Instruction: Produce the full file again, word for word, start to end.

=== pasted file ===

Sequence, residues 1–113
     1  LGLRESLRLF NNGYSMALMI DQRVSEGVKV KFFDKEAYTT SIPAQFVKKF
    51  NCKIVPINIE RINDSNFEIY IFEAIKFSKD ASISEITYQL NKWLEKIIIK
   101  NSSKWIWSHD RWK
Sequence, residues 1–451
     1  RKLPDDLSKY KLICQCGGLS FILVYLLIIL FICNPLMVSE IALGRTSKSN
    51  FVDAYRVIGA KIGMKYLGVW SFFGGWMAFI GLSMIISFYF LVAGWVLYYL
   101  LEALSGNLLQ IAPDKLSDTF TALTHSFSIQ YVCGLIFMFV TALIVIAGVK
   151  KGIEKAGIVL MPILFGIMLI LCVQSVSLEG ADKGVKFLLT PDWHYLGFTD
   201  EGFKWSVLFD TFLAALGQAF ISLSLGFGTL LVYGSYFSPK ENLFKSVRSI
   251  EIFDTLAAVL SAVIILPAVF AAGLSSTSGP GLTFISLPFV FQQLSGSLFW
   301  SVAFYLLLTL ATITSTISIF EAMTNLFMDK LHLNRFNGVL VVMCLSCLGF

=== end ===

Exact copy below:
Sequence, residues 1–113
     1  LGLRESLRLF NNGYSMALMI DQRVSEGVKV KFFDKEAYTT SIPAQFVKKF
    51  NCKIVPINIE RINDSNFEIY IFEAIKFSKD ASISEITYQL NKWLEKIIIK
   101  NSSKWIWSHD RWK
Sequence, residues 1–451
     1  RKLPDDLSKY KLICQCGGLS FILVYLLIIL FICNPLMVSE IALGRTSKSN
    51  FVDAYRVIGA KIGMKYLGVW SFFGGWMAFI GLSMIISFYF LVAGWVLYYL
   101  LEALSGNLLQ IAPDKLSDTF TALTHSFSIQ YVCGLIFMFV TALIVIAGVK
   151  KGIEKAGIVL MPILFGIMLI LCVQSVSLEG ADKGVKFLLT PDWHYLGFTD
   201  EGFKWSVLFD TFLAALGQAF ISLSLGFGTL LVYGSYFSPK ENLFKSVRSI
   251  EIFDTLAAVL SAVIILPAVF AAGLSSTSGP GLTFISLPFV FQQLSGSLFW
   301  SVAFYLLLTL ATITSTISIF EAMTNLFMDK LHLNRFNGVL VVMCLSCLGF